Nixie Tube Clock Project
A good definition of a Nixie tube is found on Wikipedia (click here). According to Wikipedia:
“The Nixie display was developed by a small vacuum tube manufacturer called Haydu Brothers Laboratories, and introduced in 1954 by Burroughs Corporation, who purchased Haydu and owned the name Nixie as a trademark. Similar devices that functioned in the same way were patented in the 1920s, and the first mass-produced display tubes were introduced in the late 1930s by National Union Co. and Telefunken. However, their construction was cruder, and they failed to find many applications until digital electronics reached a suitable level of development in the 1950s.“
“Nixie tubes were superseded in the 1970s by light-emitting diodes (LEDs), often in the form of seven-segment displays. LEDs are better suited to the low voltages that integrated circuits used, and are much smaller and sturdier without needing a sealed glass tube. Nixie tubes now only exist as a novelty for electronics hobbyists.”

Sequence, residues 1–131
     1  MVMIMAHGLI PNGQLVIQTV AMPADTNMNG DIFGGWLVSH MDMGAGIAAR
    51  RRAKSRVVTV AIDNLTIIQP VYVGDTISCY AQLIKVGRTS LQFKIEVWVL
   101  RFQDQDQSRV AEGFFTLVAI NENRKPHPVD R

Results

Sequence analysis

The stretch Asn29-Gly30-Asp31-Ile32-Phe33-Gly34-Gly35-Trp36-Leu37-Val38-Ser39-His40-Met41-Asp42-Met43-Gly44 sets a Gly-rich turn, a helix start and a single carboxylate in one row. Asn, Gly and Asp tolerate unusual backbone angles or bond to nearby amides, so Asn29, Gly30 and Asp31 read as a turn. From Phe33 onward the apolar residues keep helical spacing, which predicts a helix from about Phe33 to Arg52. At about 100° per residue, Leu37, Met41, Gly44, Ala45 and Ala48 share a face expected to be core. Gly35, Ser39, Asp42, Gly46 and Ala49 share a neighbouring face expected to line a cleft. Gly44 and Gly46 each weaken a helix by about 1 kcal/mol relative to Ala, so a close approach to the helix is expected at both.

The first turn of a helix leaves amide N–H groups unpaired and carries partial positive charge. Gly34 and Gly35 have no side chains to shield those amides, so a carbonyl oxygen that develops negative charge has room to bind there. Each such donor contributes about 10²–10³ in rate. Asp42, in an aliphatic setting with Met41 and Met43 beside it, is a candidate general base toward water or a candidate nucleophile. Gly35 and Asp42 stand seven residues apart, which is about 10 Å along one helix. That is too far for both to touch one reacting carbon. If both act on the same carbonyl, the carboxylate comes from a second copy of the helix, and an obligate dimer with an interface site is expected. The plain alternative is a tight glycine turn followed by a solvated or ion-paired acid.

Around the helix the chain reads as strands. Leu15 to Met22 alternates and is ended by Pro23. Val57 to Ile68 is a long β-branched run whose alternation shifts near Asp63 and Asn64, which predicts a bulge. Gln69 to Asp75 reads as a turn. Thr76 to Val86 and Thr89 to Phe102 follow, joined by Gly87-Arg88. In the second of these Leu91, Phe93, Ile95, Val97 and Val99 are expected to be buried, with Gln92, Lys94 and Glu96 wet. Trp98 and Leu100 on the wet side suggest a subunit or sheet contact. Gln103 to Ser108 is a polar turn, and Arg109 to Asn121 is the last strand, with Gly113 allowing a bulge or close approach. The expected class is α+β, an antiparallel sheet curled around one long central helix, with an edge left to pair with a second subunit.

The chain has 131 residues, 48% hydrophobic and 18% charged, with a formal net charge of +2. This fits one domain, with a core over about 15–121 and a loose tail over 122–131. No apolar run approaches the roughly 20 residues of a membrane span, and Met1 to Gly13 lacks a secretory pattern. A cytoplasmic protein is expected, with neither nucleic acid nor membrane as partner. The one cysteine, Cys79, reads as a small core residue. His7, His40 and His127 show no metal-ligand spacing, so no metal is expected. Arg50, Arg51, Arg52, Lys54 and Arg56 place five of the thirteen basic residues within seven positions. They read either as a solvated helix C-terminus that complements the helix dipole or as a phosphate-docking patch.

Regardless of their history or practicality, they look really cool, and I couldn’t resist building one of Peter’s clock kits for my office.
I ordered one from Peter, and the kit is of excellent quality with well labeled parts and great instructions. I began the kit a couple of night ago and will report again as I make progress. Peter’s kits use new (but old-stock from the space race era) Russian made Nixie tubes, and they definitely have that cold-war aura about them.